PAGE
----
Highway threatens rare native moth

The following comes from The Age newspaper, journalist: Adam Carey.

The critically endangered golden sun moth will lose scarce remaining habitat when a highway in western Victoria is widened from two lanes to four.

A state government environmental assessment of the planned Western Highway duplication between Beaufort and Ararat, west of Ballarat, found the road project would have a significant impact on the moth through habitat loss.

Nevertheless the project was approved by Matthew Guy, the Planning Minister, on May 20, provided work is done to mitigate the impact on the moth’s habitat.

The golden sun moth lives underground as larvae for two to three years and for up to four days once hatched, in which time it mates, lays eggs and dies. The moth cannot feed because it has no mouth. Ninety-five per cent of its habitat has been lost since European settlement.

Langi Ghiran

Langi Ghiran

Its critically endangered status puts it in the highest risk category for extinction, among other Australian animals including the orange-bellied parrot, expected to be extinct within five years, and the mountain pygmy possum, which lives on just three mountains in the Australian alps.

”Western Highway [duplication] phase two would have a significant impact on the golden sun moth through habitat removal, despite attempts to minimise this impact,” the assessment states. These impacts must be offset under state and federal laws.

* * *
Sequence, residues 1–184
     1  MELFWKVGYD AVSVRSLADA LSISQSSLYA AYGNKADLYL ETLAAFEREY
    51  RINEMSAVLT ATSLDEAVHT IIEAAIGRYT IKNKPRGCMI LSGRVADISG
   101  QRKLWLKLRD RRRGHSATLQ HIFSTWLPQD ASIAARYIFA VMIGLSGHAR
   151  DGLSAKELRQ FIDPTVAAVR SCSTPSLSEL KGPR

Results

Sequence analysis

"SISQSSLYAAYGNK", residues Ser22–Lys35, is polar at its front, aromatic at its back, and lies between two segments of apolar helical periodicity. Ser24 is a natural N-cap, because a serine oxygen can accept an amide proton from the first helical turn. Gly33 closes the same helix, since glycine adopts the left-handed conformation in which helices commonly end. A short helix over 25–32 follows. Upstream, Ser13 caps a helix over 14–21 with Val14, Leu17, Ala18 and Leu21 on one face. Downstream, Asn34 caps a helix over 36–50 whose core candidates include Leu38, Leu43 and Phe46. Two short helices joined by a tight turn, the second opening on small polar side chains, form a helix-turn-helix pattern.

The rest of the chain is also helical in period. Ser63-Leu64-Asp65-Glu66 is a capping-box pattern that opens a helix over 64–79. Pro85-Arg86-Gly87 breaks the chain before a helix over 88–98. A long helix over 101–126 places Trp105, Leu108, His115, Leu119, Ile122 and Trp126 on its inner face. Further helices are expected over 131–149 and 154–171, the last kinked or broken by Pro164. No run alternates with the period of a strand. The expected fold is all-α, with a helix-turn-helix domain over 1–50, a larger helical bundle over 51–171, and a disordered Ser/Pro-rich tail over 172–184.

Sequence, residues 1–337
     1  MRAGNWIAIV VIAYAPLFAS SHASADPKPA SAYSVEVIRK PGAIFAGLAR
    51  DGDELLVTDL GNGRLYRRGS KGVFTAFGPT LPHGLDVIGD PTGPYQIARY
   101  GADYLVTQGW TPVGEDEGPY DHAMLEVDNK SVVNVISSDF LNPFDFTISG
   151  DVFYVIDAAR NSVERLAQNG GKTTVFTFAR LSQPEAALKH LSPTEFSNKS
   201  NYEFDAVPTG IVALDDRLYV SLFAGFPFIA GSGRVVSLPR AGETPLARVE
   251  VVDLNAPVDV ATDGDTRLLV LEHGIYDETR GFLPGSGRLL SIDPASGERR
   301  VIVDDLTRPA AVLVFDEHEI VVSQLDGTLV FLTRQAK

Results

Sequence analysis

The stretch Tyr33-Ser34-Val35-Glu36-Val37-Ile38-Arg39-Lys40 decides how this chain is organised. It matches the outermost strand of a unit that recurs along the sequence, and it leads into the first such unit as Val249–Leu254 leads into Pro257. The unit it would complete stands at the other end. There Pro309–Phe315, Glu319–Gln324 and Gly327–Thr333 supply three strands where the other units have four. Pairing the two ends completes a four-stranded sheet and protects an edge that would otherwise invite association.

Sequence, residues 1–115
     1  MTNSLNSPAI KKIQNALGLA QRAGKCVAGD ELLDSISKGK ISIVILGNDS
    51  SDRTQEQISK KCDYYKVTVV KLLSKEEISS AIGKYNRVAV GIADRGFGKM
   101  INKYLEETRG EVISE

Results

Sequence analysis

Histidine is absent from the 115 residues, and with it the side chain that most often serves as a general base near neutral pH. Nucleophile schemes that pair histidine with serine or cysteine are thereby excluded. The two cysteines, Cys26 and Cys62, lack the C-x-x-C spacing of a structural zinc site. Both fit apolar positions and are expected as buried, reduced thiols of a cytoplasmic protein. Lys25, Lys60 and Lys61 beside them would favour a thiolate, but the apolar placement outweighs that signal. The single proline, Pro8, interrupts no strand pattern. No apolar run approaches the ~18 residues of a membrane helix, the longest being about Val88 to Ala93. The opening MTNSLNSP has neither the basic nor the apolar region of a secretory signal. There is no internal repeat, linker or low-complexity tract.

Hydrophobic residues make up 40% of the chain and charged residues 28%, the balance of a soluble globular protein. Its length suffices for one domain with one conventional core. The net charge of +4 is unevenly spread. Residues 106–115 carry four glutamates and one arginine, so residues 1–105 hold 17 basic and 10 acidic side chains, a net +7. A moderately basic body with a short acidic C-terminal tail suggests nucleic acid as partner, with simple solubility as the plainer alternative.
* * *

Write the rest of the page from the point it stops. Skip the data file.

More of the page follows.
Michael McCarthy, VicRoads director for the Western Highway Project, said a threatened species plan was being prepared to mitigate the effects of the habitat loss. The 38-kilometre stretch of highway to be widened passes through the Langi Ghiran State Park and will affect native temperate grassland, also listed for protection and the habitat of the golden sun moth.

Traffic volumes on the Western Highway have increased 5 per cent in the past three years, the state government says. About a third of the traffic is heavy vehicles.

The report states: ”There is an increasing problem of queuing behind slow-moving vehicles and additional costs borne by the freight industry through reductions in speed limits to improve road safety.

”Therefore duplication is intended to allow safe overtaking at all times and eliminate traffic queuing.”

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